The Court finds that respondent voluntarily engaged in sexual relations with her son although she had the ability to stop him at any time. Her subjective belief that she did not consent is insufficient, without more, to establish that she did not expressly and impliedly acquiesce in the subject child’s conduct. It is likewise insufficient to show a clear expression of lack of consent that would be understandable to a reasonable person. Moreover, absent expert testimony, her claim that she was in shock and out of sync is manifestly insufficient to establish a defense.

On the Derivative Findings of Neglect against Respondent-Mother for the Remaining Children:
Family Court Act provides that proof of the abuse or neglect of one child shall be admissible evidence on the issue of the abuse or neglect of any other child of the respondent. Even in the absence of direct evidence of abuse or neglect of the other children, a derivative finding is warranted where the evidence as to the directly abused or neglected child demonstrates such an impaired level of parental judgment as to create a substantial risk of harm for any child in their care. Depending on the nature of the underlying abuse or neglect, the court may make a finding of either derivative neglect or derivative abuse. A finding of derivative neglect is warranted where the evidence as to the directly abused or neglected child demonstrates such an impaired level of parental judgment and fundamental flaw in respondent’s understanding of the duties of parenthood as to place the non-target children’s physical, mental or emotional condition at substantial risk of becoming impaired. Where, however, the evidence as to the directly abused child demonstrates such impaired parental judgment that it creates a substantial risk of protracted impairment to the non-target children’s physical or emotional health, a finding of derivative abuse is warranted.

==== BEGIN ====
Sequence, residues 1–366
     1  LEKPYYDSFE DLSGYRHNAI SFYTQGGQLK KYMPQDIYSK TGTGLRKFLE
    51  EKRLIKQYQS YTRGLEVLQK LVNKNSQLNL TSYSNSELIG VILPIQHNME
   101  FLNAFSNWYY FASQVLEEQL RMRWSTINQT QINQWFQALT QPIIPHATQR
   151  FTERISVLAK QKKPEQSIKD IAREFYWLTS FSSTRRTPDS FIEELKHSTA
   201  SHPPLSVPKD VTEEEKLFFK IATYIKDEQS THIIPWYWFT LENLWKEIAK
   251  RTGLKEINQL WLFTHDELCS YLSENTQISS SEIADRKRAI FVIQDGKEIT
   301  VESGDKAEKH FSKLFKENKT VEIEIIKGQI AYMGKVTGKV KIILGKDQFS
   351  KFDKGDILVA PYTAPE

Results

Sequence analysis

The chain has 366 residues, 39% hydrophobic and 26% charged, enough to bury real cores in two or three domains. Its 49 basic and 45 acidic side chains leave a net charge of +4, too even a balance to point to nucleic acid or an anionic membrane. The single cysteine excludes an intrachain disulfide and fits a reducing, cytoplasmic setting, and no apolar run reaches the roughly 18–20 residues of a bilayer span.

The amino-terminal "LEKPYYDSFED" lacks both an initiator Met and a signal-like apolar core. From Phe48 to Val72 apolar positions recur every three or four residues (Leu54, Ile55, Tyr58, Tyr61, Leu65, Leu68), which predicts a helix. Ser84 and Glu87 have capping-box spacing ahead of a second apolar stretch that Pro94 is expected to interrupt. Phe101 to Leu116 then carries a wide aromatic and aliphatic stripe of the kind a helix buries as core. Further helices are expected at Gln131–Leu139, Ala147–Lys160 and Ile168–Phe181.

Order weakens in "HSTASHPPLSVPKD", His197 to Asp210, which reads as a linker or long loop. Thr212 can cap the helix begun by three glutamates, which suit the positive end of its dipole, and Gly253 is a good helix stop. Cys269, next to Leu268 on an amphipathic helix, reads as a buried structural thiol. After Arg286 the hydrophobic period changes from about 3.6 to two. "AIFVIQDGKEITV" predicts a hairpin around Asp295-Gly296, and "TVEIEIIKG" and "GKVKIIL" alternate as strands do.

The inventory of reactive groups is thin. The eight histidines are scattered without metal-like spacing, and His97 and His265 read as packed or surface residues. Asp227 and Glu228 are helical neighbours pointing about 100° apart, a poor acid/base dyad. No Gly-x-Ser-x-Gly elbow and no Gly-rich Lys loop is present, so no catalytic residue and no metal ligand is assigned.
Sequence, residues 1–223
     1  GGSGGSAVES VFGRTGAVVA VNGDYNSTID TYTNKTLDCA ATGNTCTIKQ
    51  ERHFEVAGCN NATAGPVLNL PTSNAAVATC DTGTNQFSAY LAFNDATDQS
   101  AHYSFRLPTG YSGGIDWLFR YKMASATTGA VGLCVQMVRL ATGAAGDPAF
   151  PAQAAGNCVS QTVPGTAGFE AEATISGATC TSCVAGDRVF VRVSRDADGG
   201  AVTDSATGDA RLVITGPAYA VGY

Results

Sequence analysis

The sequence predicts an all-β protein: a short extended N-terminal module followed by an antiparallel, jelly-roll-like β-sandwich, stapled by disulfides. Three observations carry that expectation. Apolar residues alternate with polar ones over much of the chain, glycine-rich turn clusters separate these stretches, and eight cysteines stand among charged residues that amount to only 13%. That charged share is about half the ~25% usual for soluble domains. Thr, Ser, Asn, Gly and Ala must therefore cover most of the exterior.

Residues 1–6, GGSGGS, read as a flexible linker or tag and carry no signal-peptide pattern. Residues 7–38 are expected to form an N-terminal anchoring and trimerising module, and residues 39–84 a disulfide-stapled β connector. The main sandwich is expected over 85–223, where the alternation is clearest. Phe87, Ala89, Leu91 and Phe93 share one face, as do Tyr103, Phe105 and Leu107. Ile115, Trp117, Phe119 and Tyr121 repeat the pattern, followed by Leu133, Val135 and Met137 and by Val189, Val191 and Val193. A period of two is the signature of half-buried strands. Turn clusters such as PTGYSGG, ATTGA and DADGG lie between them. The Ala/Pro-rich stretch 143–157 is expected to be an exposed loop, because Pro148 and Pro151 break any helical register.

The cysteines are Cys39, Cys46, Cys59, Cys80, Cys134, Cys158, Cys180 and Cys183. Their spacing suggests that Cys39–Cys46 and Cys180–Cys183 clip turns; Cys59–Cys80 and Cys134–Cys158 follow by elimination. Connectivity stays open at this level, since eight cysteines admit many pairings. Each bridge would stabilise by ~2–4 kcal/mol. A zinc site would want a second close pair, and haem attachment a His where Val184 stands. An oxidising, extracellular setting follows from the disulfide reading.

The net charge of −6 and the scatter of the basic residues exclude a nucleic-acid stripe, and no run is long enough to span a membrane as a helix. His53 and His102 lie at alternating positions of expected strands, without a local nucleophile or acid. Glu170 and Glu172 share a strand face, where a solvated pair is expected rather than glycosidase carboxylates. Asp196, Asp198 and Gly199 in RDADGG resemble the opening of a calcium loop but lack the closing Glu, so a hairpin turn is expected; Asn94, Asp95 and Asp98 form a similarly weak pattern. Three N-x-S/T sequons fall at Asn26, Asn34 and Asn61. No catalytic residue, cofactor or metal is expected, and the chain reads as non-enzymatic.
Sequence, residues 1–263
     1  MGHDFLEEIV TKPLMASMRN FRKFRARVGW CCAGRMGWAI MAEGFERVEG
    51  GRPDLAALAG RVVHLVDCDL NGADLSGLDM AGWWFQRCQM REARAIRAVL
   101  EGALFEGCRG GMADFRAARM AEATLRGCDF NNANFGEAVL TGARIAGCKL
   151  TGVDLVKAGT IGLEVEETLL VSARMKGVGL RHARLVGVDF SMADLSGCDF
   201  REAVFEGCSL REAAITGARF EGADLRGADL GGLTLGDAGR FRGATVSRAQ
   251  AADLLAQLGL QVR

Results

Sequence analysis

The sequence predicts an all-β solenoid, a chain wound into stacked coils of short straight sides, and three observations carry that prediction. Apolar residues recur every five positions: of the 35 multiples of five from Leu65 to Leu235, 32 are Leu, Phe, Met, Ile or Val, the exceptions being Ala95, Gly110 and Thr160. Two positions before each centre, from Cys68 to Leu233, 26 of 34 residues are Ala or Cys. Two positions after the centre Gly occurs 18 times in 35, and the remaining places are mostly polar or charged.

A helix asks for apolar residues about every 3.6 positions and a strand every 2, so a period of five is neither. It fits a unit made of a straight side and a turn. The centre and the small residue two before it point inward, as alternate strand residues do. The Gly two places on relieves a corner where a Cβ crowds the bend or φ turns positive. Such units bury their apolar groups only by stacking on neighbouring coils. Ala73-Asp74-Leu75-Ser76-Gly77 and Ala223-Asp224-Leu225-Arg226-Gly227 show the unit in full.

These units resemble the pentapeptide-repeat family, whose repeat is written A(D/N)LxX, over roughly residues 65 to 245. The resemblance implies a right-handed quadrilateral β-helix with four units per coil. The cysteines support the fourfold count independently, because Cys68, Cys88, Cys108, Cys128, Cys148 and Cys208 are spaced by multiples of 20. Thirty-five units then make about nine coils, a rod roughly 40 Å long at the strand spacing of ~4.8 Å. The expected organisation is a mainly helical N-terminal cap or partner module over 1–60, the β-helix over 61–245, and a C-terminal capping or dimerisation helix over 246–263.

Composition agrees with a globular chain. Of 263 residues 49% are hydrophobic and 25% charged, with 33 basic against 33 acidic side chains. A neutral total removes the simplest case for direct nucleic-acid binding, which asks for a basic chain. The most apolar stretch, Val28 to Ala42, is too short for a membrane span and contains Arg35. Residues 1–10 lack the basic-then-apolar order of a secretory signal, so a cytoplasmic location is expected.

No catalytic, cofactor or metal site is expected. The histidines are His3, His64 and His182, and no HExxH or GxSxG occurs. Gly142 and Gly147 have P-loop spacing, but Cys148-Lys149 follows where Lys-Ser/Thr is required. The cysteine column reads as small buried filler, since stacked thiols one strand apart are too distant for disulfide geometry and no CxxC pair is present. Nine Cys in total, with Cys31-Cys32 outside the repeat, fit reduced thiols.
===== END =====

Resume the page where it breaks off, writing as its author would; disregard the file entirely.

Although the statute requires that evidence as to the abuse of one child be considered on the issue of the abuse or neglect of other children in the home, such evidence is not conclusive and does not establish a prima facie case of abuse or neglect as to the other children. The determinative factor remains whether the nature of the underlying misconduct, notably its duration and the circumstances surrounding its commission, evidences such a fundamental flaw in respondent’s understanding of the duties of parenthood that it can reasonably be concluded that the condition still exists.

After considering the aforesaid criteria in light of the facts at bar, the Court finds that there exists a derivative neglect against respondent for the other two children. These findings are based on the evidence of respondent’s sexual abuse of the subject child and her ongoing refusal to accept responsibility for her actions, which demonstrate impaired parental judgment to such an extent that it placed the non-target children’s physical, mental or emotional condition at substantial risk of becoming impaired.

In sum, respondent is found guilty of sexual abuse as to the subject child, based on rape in the second degree; and, respondent is guilty of derivative neglect as to the other children. The allegations of alcohol abuse are dismissed since the evidence fails to establish that respondent repeatedly misuses alcoholic beverages to the extent that it caused a substantial state of stupor, unconsciousness, intoxication, disorientation, or incompetence, or a substantial impairment of judgment, or a substantial manifestation of irrationality.

For legal advice on matters related herein, a Kings County Family Attorney at Stephen Bilkis & Associates may prove helpful. Our legal teams have had extensive training and experience that you could benefit from. Contact us for a free consultation and speak to our Kings County Abuse and Neglect Lawyers, among others.